Netflix users in Scotland are being urged to stay vigilant after an online scam has emerged targeting users’ login and bank account details.
The Scottish Business Resilience Centre (SBRC) is warning people who use the online streaming service to be on high alert following a spate of fraudulent emails.
Users of the site have received emails prompting them to keep their memberships details up to date. They are then linked to a bogus login page on which they are asked to fill out personal details.
Gerry Grant, an ethical hacker with SBRC, has given advice to those concerned about potentially being targeted.
He said: “Netflix has made it easier for people everywhere to quickly browse and access a huge range of TV and cinema.
“However, we are urging caution after a recent outbreak of fraudulent emails have targeted users of the site.
“Attackers are now taking more care in creating genuine looking emails. This can make it a lot harder to spot a fake email, but users should never click on the link in any email, but log on to the site directly from their browser.”
Once users have filed in their details hackers are able to use them to either extract further information or directly target finances.
The popularity of streaming websites has boomed over the past year and the huge number of potential targets makes them an attractive proposition for online criminals.
A similar ‘phishing’ scam has also surfaced in recent weeks that attempts to lure Amazon Prime users into passing on private information – further highlighting the need for everyone using the internet to exercise caution.
Gerry added: “There are three simple steps people can take if they are suspicious of unsolicited messages like these.
“Do not click the link, check the link’s URL to see if it is to trustworthy site and never put your personal and bank account details into any form that is not completely trustworthy.
“It is important to avoid clicking on these kind of sites in the first place, so users should be vigilant of the sites they are visiting.”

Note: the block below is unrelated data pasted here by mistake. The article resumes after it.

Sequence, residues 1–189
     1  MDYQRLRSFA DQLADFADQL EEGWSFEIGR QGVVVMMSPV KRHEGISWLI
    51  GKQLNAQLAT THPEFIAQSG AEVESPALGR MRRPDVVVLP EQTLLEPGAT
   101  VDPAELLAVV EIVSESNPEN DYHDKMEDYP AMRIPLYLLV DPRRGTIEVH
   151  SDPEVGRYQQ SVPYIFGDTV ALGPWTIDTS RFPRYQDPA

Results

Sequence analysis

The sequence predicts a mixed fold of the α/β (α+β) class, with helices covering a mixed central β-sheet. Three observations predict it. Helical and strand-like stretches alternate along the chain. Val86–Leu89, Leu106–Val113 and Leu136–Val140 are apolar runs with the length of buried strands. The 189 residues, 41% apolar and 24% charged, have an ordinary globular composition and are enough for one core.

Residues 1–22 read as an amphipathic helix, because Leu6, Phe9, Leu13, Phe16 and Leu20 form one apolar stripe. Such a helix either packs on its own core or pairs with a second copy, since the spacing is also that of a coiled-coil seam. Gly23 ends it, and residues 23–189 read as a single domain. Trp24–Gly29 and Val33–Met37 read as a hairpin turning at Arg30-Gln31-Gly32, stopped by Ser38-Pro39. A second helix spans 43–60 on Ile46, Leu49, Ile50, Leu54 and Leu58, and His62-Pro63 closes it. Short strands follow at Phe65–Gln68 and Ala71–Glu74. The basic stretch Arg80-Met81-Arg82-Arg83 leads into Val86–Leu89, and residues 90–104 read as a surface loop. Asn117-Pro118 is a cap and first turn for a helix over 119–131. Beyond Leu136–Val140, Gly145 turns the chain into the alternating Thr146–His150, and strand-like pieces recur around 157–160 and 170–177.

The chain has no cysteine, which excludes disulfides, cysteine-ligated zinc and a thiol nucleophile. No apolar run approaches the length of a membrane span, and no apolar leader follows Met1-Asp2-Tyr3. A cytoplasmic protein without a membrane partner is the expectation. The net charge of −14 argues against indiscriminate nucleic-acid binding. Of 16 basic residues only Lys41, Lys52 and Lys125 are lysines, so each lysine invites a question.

With the rise of personal information being cultivated by criminal gangs and sold via the Dark Web (an intricate system of private untraceable web servers often used by hacker groups) it is important to be vigilant at all times when using devices that may store any personal information.
Often hackers will look to disguise fraudulent addresses with shortened links, hiding the URL. In these case there are a number of sites which can be utilised to double-check the destination. Sites like http://wheredoesthislinkgo.com/ can do this by simply copy and pasting the link into the search-bar on the website.
It is important to keep your personal and financial information safe when browsing online services and emails. To keep your details safe you need to look out for four things:-
· ‘https://’ at the start of the address bar or a padlock icon. The ‘S’ indicates that it is a secure server and that your information will be safe. Facebook uses this.
· ‘Green Address Bar’ another indicator that some secure websites use is to turn the address bar green.
· Users should also check the page that is sharing any vouchers. Does it look genuine? Is it posting other content from that supermarket i.e. Christmas recipes or discounts? If not it may not be the real deal.
· Look out for the blue tick - Facebook and Twitter have a blue tick scheme for verified accounts. This is a handy way to verify that a page is the real deal.